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When it comes to fruit jam, the kids learn the versatility and nutritional benefits of crafting their own fruity concoctions. First and foremost they learn the difference between jelly, which uses fruit juice, and jam, which uses the whole fruit. 

In this comprehensive guide, we’ll delve into jam-making, using strawberries, exploring three distinctive methods all healthier than store-bought strawberry jams.  We will use chia seeds, tapioca starch, and the reduction technique. Say goodbye to store-bought jam loaded with white sugar, corn syrup, or even high-fructose corn syrup. Let’s create your own healthier alternative.

The Sweet Symphony of Strawberry Chia Jam

The first method we’ll explore is the Strawberry Chia Jam – a simple method that adds a host of health benefits. Chia seeds, rich in omega-3 fatty acids and dietary fiber, contribute to a jam that’s not only delicious but also nourishing. This recipe calls for simple ingredients such as real berries, chia seeds, and an optional touch of maple syrup or coconut sugar for sweetness. The natural sweeteners provide a healthier alternative to the high fructose corn syrup found in many store-bought jams.

Studies have shown that chia seeds may aid in heart health by reducing the risk of heart disease and stroke. The incorporation of vitamin C-rich fresh strawberries further enhances the jam’s nutritional profile, promoting a boost to your immune system. As an added bonus, this strawberry chia jam pairs exceptionally well with peanut butter, creating a delectable spread for toast or a unique topping for ice cream.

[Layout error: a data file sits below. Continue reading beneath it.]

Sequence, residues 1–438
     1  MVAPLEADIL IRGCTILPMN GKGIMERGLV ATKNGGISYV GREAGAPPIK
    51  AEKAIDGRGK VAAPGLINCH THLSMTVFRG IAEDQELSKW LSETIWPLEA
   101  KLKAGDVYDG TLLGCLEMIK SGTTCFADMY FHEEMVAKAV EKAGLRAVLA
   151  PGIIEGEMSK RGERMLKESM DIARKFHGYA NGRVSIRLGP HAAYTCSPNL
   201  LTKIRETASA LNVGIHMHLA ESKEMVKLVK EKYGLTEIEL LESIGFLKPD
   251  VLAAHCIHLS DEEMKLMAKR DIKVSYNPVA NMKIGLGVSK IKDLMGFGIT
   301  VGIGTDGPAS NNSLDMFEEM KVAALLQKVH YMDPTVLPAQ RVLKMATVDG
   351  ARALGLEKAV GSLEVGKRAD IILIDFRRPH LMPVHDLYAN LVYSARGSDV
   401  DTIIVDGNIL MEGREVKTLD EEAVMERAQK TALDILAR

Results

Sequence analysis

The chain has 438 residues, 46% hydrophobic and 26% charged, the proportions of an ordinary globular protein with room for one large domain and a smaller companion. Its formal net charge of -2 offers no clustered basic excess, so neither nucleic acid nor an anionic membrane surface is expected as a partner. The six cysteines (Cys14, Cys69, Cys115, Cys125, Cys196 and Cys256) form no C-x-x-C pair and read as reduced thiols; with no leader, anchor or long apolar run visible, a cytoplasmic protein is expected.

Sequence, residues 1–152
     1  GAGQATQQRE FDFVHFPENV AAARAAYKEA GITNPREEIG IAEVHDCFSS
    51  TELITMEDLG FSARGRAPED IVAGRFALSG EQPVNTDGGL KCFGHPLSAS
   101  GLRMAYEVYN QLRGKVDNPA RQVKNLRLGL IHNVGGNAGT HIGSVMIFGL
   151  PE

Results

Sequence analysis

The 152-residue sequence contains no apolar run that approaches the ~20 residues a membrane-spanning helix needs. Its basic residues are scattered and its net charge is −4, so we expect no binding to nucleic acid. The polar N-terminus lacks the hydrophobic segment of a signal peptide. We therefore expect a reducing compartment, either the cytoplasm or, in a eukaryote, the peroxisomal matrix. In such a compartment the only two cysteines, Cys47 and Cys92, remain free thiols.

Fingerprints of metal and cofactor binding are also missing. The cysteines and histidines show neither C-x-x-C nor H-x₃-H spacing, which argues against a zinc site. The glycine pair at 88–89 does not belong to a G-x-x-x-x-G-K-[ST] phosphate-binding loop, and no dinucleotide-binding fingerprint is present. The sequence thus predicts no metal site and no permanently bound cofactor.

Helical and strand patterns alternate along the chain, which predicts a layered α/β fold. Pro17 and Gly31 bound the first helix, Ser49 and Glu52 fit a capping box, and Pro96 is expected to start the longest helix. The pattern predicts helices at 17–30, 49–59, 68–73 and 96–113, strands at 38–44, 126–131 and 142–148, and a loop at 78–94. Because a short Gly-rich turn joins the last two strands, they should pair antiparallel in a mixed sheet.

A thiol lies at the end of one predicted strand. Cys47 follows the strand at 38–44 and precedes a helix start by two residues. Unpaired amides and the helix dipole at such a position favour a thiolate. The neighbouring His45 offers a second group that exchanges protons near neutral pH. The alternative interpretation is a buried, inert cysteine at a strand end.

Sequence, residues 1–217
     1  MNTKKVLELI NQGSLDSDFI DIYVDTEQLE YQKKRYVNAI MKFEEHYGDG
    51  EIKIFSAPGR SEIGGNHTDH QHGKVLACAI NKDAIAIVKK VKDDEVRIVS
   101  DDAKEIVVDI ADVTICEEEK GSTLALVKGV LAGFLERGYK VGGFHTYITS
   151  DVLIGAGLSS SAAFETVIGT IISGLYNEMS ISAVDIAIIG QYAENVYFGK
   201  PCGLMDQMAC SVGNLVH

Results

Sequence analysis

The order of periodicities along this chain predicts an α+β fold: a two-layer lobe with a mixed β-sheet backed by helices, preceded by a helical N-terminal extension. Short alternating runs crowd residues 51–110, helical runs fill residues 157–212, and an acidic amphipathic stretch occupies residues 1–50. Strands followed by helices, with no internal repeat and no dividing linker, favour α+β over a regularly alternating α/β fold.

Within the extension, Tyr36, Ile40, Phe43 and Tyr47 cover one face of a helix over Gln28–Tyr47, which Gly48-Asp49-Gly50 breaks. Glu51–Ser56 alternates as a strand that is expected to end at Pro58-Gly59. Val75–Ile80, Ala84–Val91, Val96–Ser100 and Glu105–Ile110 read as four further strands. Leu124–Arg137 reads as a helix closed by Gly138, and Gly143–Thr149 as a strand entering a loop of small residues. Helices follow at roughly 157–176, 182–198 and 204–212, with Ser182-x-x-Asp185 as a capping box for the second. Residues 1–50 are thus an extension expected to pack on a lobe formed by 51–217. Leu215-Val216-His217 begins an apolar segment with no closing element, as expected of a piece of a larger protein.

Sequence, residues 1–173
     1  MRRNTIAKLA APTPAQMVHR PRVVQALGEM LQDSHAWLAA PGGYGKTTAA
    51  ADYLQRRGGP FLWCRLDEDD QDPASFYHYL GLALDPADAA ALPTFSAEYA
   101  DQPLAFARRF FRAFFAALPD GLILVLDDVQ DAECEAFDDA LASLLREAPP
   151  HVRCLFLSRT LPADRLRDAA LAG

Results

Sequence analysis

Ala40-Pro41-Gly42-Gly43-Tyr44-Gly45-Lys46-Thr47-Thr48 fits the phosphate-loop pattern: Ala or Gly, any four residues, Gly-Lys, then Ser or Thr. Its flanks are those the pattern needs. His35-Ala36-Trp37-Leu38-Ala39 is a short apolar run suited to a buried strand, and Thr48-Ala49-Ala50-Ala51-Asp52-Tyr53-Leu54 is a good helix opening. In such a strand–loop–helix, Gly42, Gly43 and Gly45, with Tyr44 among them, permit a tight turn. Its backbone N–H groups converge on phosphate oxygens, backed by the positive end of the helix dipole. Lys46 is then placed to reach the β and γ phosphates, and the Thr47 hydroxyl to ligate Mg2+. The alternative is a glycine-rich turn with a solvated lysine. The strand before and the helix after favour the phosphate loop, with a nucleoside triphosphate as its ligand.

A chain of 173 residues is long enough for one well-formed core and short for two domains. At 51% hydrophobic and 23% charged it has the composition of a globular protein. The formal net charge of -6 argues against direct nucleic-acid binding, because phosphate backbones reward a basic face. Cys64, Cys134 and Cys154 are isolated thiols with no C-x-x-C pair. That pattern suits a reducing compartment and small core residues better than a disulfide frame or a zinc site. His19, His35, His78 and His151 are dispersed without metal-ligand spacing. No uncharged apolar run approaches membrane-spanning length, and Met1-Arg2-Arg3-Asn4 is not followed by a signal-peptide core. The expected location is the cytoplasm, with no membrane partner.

Tapioca Starch in Homemade Strawberry Jam

For those seeking a jam with a jelly-like consistency, the Tapioca Starch method offers another option. By using tapioca starch, a natural thickening agent derived from cassava roots, which may be a healthier alternative to corn starch, since corn has been genetically modified.  A roux is made with the tapioca starch and added to simmered juicy strawberries to thicken into a jam.  

With this method I often recommend no added sugar, as the tapioca starch is a high glycemic index and adds a little sugar to the jam.

Reduction Method: An Artful Symphony of Freshness

The third approach involves the reduction method, a process that intensifies the flavors of fresh strawberries by simmering down the water content. This method, requiring only fresh strawberries, a touch of maple syrup or agave nectar, and a splash of fresh lemon juice, highlights the natural sweetness of the fresh fruit without excessive added sugars. Simmered over medium heat until it reduces by half.

​Freedom Kitchen Kids learn all 3 methods, as shown in this video.

Healthy Food = Healthy Life

By creating your own homemade healthy jam, you take a conscious step towards informed decision-making regarding your diet, but the kids learn that this is still a sweet treat and that too much sugar is detrimental to their health. University researchers and medical doctors alike have emphasized the importance of reducing sugar intake to promote heart health and reduce the risk of high blood pressure. 

Comparing the Methods

The main difference between the three methods lies in the texture, sweetness, and nutritional content of the resulting jams. While the chia seed jam emphasizes healthy fats and fiber, the tapioca starch method offers a jelly-like consistency with only natural occurring sugars. The reduction method, on the other hand, provides a thicker jam but often still requires a bit of sugar to thicken.  Sugar is a natural preservative.